Submitted Date 03/05/2019

For a long time I believed education was the solution to the world’s woes. Education would lift people out of poverty; it would help us understand one another, heralding a new era of peaceful prosperity; it would erase racism, bigotry and other forms of intolerance.


How naïve…


More and more, I come to realize that education is just another powerful misinformation tool.


Story time. Not very long ago, I was chatting with a well-educated young Polish woman, and I told her about a friend who had had multiple abortions. Her eyes widened. Misunderstanding her confusion, I started to explain how no birth control method was a hundred percent, and that somehow my friend was so fertile that even using two of them, she’d get pregnant.

“It’s not that,” she said. “It’s just… doesn’t getting an abortion make you sterile?”

This from an eighteen-year-old woman, with pharmacist parents, who wanted to be a doctor. And I remember now, in her eyes, the fight between this ‘truth’ that had been fed to her all her life as a Polish Catholic, and what I had just revealed to her.

At the time, I just burst out laughing, not realizing I had just messed up a major part of her worldview. Then I went further, I got out my phone and showed her a picture of my friend, surrounded by all her happy kids. And I told her how I’d been there at one of the abortions, and at the birth of at least two of the kids, so I knew they were really hers.

I went on to explain that perhaps, in a country where abortion is illegal and so performed in dark alleys by butchers with hangers, abortions carry a higher price for women…


Now abortion is hot button issue, and I quite understand people with an objection to it. I mean, even someone who is pro-choice doesn’t regard abortion as a good thing. All I want is for it to be available and legal.

If you have moral objections to it, no one is forcing you to get one, and you are quite free to voice those objections. Where I lose my sh!t is when you make up facts to convince young impressionable minds to get them in your camp.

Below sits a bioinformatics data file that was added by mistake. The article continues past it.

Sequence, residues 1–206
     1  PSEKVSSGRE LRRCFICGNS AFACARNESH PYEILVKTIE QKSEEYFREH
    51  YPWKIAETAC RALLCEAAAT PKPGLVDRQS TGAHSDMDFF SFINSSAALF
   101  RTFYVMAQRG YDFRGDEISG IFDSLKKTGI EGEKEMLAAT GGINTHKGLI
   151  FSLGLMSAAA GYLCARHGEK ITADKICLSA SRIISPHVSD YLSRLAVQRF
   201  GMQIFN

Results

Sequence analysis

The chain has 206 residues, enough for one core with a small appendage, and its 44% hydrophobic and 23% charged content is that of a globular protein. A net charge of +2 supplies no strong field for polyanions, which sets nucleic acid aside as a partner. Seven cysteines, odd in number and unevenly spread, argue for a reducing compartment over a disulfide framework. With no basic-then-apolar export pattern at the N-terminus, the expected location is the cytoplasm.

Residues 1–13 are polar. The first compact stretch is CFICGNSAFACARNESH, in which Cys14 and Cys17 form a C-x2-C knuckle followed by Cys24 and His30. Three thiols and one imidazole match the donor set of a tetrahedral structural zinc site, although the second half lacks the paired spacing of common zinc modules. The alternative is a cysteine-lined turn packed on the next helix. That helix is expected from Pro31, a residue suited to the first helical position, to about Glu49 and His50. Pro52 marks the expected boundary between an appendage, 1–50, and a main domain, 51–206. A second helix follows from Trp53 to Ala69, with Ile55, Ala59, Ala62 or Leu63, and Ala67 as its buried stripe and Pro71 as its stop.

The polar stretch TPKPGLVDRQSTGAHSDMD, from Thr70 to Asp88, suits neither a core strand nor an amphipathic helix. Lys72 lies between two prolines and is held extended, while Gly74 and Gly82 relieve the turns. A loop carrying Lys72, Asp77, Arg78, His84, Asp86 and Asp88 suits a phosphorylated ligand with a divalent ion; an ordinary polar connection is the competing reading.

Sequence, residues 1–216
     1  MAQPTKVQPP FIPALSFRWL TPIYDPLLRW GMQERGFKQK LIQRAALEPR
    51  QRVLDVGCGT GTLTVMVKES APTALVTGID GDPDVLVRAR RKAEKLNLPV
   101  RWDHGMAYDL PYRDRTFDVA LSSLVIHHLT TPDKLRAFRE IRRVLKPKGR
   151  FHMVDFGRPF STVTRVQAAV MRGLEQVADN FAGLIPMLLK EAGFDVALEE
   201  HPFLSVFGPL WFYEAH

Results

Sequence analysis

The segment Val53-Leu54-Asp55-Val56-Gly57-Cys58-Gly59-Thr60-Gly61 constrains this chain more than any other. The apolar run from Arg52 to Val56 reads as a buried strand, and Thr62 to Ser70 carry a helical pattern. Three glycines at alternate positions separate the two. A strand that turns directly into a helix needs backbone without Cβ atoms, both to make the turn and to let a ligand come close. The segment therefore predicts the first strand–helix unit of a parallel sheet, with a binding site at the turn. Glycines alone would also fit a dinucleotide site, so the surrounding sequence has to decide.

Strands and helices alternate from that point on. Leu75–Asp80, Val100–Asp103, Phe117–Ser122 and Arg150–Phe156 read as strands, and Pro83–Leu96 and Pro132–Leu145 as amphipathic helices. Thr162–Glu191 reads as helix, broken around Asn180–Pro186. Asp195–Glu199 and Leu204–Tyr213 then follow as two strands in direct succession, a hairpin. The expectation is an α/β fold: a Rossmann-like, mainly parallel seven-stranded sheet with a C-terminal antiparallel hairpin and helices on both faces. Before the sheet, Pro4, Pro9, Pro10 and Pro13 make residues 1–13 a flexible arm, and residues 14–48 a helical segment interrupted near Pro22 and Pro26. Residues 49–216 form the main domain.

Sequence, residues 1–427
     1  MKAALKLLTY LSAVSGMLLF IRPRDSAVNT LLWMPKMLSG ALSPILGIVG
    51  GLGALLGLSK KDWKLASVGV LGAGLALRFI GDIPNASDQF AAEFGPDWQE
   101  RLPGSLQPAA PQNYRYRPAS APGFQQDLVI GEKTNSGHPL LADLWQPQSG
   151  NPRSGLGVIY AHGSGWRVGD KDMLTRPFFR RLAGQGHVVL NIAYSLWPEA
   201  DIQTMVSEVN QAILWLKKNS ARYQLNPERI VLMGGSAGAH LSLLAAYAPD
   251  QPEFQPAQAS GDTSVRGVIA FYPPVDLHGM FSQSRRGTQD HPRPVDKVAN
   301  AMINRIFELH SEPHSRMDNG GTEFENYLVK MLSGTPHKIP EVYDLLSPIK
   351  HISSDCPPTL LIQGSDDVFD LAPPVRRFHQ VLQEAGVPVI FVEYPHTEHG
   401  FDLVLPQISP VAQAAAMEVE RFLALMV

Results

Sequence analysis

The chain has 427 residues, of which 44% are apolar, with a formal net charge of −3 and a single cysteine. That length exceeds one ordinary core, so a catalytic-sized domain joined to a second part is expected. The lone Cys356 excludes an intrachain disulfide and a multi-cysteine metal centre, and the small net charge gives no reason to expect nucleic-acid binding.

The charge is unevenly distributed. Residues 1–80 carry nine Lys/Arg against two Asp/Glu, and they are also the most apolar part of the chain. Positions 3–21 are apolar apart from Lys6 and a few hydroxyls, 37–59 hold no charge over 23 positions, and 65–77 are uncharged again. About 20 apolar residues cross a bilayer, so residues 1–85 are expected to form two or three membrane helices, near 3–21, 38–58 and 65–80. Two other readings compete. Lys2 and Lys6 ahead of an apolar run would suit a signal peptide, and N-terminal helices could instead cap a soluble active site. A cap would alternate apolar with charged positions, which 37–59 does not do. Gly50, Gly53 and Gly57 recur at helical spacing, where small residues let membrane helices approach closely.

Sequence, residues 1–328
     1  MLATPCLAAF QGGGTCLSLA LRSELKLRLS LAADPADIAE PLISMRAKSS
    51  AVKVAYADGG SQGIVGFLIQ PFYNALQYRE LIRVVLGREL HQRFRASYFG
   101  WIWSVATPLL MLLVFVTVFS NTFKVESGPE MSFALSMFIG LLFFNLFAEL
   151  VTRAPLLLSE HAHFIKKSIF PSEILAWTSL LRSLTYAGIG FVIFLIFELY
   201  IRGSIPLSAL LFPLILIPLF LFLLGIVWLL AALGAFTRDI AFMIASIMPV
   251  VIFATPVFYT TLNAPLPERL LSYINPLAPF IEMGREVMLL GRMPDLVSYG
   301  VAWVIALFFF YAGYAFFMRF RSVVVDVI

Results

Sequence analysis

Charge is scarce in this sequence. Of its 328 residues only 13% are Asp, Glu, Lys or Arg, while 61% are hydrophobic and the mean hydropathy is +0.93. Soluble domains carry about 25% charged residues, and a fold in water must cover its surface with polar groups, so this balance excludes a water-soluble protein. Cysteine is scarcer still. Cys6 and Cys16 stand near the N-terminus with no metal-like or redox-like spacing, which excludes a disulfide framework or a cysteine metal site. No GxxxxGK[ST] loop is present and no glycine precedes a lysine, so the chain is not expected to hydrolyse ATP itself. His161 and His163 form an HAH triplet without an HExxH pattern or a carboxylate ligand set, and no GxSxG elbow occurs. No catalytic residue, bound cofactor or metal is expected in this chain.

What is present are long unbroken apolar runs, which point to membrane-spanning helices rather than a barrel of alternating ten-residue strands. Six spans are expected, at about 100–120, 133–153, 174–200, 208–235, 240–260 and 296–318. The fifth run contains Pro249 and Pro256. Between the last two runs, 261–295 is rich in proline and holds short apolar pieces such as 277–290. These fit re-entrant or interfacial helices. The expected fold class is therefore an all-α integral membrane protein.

Some are just passing on false information they heard, but I’m betting somewhere, there’s someone who knows these lies for what they are, who might even be at the origins of these lies, who justifies them as serving the Greater Good. If your position was so right as you claim, why do you need falsehoods to prop it up?


Why do we as humans, need to set the person who disagrees with us as the enemy, as a monster that must be fought?


Even when you take issues that are less passionate, you find these insidious fabrications. Ever since I arrived in the United States from Canada, I have heard lies being bandied about against socialized medicine. Lies, I may add, which are so obviously manufactured by the people who profit from the status quo that it blows the mind to think people fall for them.

Of course the Health insurance companies don’t want things to change – why are we even listening to their objections? Everyone agrees that the people running these companies don’t care much more than a fig about our well-being, and yet, their arguments against a system that would greatly reduce their power is accepted like Gospel.

Same goes for pharmaceutical companies – why in the world would they be in favor of the Department of Health and Human Services gaining oversight on their prices? They’ll say anything, threatening shortages and other apocalyptic scenarios, to avoid it.

Then we have the providers railing, because they won’t be able to charge as much for care. Healthcare costs in the United States are amongst the highest in the world, so is it possible that they are so high because providers are simply charging too much? Once again, it is evident that these people profit enormously from the status quo, and will say anything to keep it. Why are Americans even listening?